Working in beef cattle education and with cattle producers long has been a passion of Joe Paschal, Ph.D., who admits he never intended to work long enough to retire from the Texas A&M AgriLife Extension Service as a livestock specialist.
Paschal, whose career spans 40 years, is well known among Gulf Coast and statewide beef cattle producers as the go-to source for science-based information. His role as livestock specialist based in Corpus Christi ends Oct. 31 with his retirement, and fittingly the 2022 Texas A&M Beef Cattle Short Course is dedicated in honor of his service to Texas, national and international cattle producers.
Paschal said the idea of working as a livestock specialist caught his eye at a beef cattle judging event while observing Randall Grooms, Ph.D., who spent 26 years working as a beef cattle specialist at the Texas A&M AgriLife Extension and Research Center at Overton. Grooms was internationally recognized for his expertise and widely followed by purebred and commercial cattle producers through his educational programming.
“At the time, I was just overly impressed with how professional he was, how he was approached by beef cattle producers, greeted and respected by those people … it was then that I knew I wanted to get into this profession,” Paschal said.
Fort Stockton beginnings
Paschal initially went to work for the Charolais Breeders Association and was asked by Jim Sanders, Ph.D., Texas A&M Department of Animal Science faculty member, to return to College Station to complete his master’s and doctoral degrees.
He finished school, and a livestock specialist position opened in Fort Stockton. A meeting with Frank Litterst Jr., longtime adult education specialist at Texas A&M and instructor in beef production for the department, would eventually give Paschal his initial agency position.
“Mr. Litterst had to show me where Fort Stockton was on the map,” he said. “I applied for the job and got it. I enjoyed the job immensely, but never thought I would be in the position with Extension long enough to retire. The people there made me feel so welcome and the faculty were all really welcoming.”
About a year and a half later, Paschal said the current position he holds at Corpus Christi came open. Initially, the position was stationed in Weslaco, but was moved to Corpus Christi to better serve the region’s livestock producers and serve the agency’s District 12 and District 14.
“I’ve had the opportunity to do some really neat things, work with faculty at Texas A&M Kingsville, several breed associations,” Paschal said. “I’ve considered other opportunities, but this is a really good job working with the county agents, the animal science faculty, other departments and colleagues in research, extension and teaching. And of course, the ranchers across Texas, they are absolutely the world’s greatest. Anytime I thought about throwing in the towel, I thought about the county agents and the ranchers. They are the industry giants.”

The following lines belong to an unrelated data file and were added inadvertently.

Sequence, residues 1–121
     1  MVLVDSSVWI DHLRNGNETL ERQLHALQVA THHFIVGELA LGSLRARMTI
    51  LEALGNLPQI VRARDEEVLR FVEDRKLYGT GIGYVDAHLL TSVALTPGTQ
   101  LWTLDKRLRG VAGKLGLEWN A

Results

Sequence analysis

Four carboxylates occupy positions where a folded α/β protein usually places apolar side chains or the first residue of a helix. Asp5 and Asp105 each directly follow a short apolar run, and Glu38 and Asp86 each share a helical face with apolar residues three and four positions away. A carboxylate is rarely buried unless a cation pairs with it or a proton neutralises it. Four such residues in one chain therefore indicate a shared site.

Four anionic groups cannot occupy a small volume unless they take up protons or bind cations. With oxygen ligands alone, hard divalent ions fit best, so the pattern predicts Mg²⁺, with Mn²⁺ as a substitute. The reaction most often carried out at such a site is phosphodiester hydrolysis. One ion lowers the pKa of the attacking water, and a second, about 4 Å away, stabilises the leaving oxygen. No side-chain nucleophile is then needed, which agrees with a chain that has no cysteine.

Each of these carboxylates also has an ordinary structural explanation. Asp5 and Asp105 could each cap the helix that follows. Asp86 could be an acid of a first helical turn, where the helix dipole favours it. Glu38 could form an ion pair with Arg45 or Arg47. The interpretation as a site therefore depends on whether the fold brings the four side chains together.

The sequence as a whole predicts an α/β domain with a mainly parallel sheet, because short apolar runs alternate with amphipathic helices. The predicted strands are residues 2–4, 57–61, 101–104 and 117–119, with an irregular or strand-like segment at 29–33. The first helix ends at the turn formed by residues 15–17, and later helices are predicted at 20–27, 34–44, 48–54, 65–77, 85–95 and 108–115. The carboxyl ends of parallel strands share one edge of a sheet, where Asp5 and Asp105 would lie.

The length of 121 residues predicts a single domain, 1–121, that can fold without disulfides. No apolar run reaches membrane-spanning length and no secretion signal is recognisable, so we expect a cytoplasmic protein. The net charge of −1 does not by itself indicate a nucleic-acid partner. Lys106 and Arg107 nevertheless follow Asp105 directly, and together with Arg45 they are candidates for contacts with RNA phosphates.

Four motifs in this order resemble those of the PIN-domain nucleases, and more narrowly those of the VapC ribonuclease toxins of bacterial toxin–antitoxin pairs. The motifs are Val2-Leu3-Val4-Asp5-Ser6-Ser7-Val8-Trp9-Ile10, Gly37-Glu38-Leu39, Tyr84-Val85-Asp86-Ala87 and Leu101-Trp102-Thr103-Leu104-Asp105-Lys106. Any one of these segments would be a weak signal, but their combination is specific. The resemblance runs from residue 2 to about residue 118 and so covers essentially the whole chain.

Paschal’s career highlights and accomplishments are numerous involving education, work with breed association research and governmental group assistance. In the Beef Cattle Short Course proceedings, Paschal was recognized for providing leadership with programming on key leadership initiatives:
- Cattle Fever Tick Eradication.
- Beef Quality Assurance.
- South Texas Ranch to Rail.
- Beef Partnership in Extension Program.
- Rio Grande Valley Beef Improvement Association Bull Gain and Heifer Development Association.
- Beef Carcass Merit Evaluation.
- National Beef Breeds Feed Out.
- Spanish Goat Program.
- Prickly Pear Education Initiative.
- South Texas Stocker Cattle.
- Comprehensive Ranch Management programs.
These initiatives and programs have been credited with millions of dollars returned to producers and consumers.
‘Consummate Extension specialist’
“Joe is the consummate Extension specialist,” said Ron Gill, Ph.D., longtime colleague and AgriLife Extension beef cattle specialist, Bryan-College Station.
“Joe has always seen his role as a conduit to livestock producers for science-based and real world-tested recommendations for production practices that make economic and/or environmental sense.
“His career has been dedicated to helping county agents be successful in their programming efforts. He accomplished this in two main ways: Support in providing quality educational programs to their clientele; but maybe more importantly, through his efforts to train agents to become better subject-matter experts and giving them the confidence to be true educators within their counties and regions.”
Larry Boleman, Ph.D., who served as longtime AgriLife Extension state beef cattle specialist and retired as associate vice chancellor for strategic outreach and initiatives with Texas A&M AgriLife, said, “Joe will be best known as truly loving to help people in agriculture achieve success. All Texans, mentors, educators, researchers and producers are so fortunate to have had him serve the beef cattle industry and the land-grant mission of the Texas A&M AgriLife Extension Service throughout his more than 40-year career.”
Paschal said he has enjoyed the freedom and flexibility of the job.
“This job is the most autonomous job,” he said. “With us being in AgriLife Extension, nobody stands over you and tells you what needs to be done. It’s up to you to determine what needs to be done. AgriLife Extension has provided a good career, and I highly recommend it to anyone.”